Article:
During court proceedings, it was revealed that they left their home in Cape Town in their Toyota Land Cruiser on February 5, 2018, to keep a rendezvous in the Drakensberg Mountains in Kwa-Zulu Natal about 1448 kilometres away with a BBC TV documentary film crew.

Murdered British botanists Rod (left) and Rachel Saunders (centre) on a hike with the Pacific Bulb Society. The Daily Mail.

The internationally renowned botanists were interviewed by TV presenter Nick Bailey for an episode of Gardeners World as they searched the Drakensberg Mountain region for rare Gladioli flower seeds.

At the time, Bailey posted a selfie from their adventures to his Twitter account and a photo taken by producer Robin Matthews during filming are believed to be the last pictures taken of them alive.

After filming, expert horticulturist Rod and microbiologist wife Rachel, who had been married for over 30 years, parted ways with the TV presenter and headed off to camp at a dam in a remote forest.

They were last in contact with an employee at their workplace Silverhill Seeds which they ran from their home in Cape Town on February 8, just three days after they had set off to meet the BBC.

The Saunders then said they were heading for the Ngoye Forest Reserve about 144 kilometres north of Durban but were never heard from again. And on February 10, the alarm was raised.

The court was told: 'Around February 10 the investigating officer received information that Rodney Saunders and his wife Dr Rachel Saunders from Cape Town had been kidnapped in the Kwa-Zulu Natal region.

'It was established on February 13 that the defendants were drawing money from various ATM's which amounted to theft of R734,000 (£37,000) and there was the robbery of their Land Cruiser and of camping equipment.

'It is alleged that between February 10 and 15 at the Ngoye Forest the accused did unlawfully and intentionally kill Rachel Saunders, and between the same dates did unlawfully and intentionally kill Rodney Saunders' it was said.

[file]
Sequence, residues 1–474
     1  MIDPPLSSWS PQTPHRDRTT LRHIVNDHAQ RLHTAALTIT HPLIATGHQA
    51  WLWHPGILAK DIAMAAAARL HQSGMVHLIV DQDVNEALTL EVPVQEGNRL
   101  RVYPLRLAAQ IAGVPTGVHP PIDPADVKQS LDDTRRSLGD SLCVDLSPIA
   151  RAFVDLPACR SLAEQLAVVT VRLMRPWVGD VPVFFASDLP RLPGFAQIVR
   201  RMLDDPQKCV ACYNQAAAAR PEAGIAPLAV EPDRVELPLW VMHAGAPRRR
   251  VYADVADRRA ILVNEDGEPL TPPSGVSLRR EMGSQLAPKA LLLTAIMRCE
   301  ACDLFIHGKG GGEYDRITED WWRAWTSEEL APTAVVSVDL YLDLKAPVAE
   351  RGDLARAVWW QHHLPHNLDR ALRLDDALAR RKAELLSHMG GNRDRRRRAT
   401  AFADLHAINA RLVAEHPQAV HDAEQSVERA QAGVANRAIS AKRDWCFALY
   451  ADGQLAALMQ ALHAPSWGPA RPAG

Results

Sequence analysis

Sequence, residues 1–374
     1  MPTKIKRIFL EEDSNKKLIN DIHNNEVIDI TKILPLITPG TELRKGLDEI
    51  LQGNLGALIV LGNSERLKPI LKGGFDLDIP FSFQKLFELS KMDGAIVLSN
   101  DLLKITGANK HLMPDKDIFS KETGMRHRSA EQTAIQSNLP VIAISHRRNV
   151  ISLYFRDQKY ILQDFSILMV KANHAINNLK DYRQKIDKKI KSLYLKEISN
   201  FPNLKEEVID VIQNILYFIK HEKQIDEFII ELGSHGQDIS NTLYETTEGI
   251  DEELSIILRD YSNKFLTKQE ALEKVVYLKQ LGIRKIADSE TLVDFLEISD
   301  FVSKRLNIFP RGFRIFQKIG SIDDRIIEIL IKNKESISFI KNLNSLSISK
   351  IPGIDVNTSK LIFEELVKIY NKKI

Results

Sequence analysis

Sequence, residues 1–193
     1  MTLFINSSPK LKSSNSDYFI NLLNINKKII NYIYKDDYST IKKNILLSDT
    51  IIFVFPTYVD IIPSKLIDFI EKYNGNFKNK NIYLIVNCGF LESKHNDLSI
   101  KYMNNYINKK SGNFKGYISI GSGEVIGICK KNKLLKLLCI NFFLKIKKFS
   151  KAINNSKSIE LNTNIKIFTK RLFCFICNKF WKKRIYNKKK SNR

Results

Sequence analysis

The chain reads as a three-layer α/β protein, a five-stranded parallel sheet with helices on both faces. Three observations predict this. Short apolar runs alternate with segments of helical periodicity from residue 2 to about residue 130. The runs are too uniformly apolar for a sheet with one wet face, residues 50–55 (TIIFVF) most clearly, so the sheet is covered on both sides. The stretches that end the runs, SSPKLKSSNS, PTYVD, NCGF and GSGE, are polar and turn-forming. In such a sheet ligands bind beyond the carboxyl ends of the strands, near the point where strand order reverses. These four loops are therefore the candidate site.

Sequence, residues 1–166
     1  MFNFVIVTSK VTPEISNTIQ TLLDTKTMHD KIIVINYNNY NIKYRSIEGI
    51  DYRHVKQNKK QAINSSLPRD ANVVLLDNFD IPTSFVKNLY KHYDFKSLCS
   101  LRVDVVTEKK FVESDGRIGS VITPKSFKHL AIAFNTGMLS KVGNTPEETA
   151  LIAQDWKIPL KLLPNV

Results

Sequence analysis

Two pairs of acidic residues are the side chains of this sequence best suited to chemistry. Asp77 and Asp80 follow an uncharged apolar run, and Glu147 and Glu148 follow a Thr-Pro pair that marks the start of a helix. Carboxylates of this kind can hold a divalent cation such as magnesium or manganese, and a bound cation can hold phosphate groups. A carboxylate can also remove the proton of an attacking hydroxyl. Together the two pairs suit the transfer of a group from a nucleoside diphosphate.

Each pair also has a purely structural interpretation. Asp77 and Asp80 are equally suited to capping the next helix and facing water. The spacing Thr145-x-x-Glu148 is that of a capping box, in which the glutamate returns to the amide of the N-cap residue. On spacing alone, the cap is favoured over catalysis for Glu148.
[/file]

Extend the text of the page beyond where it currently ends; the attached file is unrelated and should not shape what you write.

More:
On February 15 of the same year, Vecchio and his wife were both arrested at their home in Endlovini, about 48 kilometres from the Ngoye forest from where the Saunders had vanished.

Their arrests came after the Hawks, an organised police crime fighting unit, found a link between the cell phones belonging to the Saunders and the cell phones of the suspects, and applied for a search warrant.

The Daily Mail added that a number of items which had been bought on Dr Saunders’ bank card were recovered, including receipts in the handbag of Patel which corresponded with the date and time of its use.

The court heard: 'On March 23, the third accused Mussa Ahmad Jackson was arrested and he made a statement to the effect (that) he was woken by Patel at their home on February 10 and told to meet Del Vecchio on the road.

“Del Vecchio in the Land Cruiser and Patel and Jackson followed to the Tugela River Bridge where they helped him remove sleeping bags from the back of the Toyota and they threw them with human bodies inside into the river”.

The victims' Land Cruiser was recovered on February 19 with a large amount of blood in the cargo area which was later confirmed to belong to Saunders, the court heard.

Rachel's body had been recovered from the crocodile infested River Tugela on February 14 and Rod's on February 17, by local fisherman but both bodies were not initially linked to the missing persons’ inquiry.

It is believed that they both died from being beaten to death with a blunt instrument after being kidnapped and robbed, and were then dropped off the bridge into the river for crocodiles to devour their bodies.

On February 10, a message from Del Vecchio to his wife and their then lodger said there was an elderly couple in the forest and that it was a good 'hunt' and he had the 'target'.

He said in a message to an unknown person allegedly sent 'when the brothers in kinya go out and do this work it is very important the body of the victims is never found.

'It remains a missing person case' said the message.

The trial continues.

The Saturday Star